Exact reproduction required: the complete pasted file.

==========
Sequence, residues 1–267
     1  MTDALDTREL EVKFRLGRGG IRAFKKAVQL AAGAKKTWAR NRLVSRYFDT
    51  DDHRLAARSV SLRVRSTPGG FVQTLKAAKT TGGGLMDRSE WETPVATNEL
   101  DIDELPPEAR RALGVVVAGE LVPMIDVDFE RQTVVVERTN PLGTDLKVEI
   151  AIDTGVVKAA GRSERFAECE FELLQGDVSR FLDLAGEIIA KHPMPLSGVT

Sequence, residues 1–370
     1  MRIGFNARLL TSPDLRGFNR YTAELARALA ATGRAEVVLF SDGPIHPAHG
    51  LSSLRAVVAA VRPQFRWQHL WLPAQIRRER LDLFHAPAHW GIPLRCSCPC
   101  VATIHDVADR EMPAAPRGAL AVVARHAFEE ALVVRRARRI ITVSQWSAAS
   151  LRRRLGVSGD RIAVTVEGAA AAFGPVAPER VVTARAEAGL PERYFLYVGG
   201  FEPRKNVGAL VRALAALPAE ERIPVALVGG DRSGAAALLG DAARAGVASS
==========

Sequence, residues 1–267
     1  MTDALDTREL EVKFRLGRGG IRAFKKAVQL AAGAKKTWAR NRLVSRYFDT
    51  DDHRLAARSV SLRVRSTPGG FVQTLKAAKT TGGGLMDRSE WETPVATNEL
   101  DIDELPPEAR RALGVVVAGE LVPMIDVDFE RQTVVVERTN PLGTDLKVEI
   151  AIDTGVVKAA GRSERFAECE FELLQGDVSR FLDLAGEIIA KHPMPLSGVT

Sequence, residues 1–370
     1  MRIGFNARLL TSPDLRGFNR YTAELARALA ATGRAEVVLF SDGPIHPAHG
    51  LSSLRAVVAA VRPQFRWQHL WLPAQIRRER LDLFHAPAHW GIPLRCSCPC
   101  VATIHDVADR EMPAAPRGAL AVVARHAFEE ALVVRRARRI ITVSQWSAAS
   151  LRRRLGVSGD RIAVTVEGAA AAFGPVAPER VVTARAEAGL PERYFLYVGG
   201  FEPRKNVGAL VRALAALPAE ERIPVALVGG DRSGAAALLG DAARAGVASS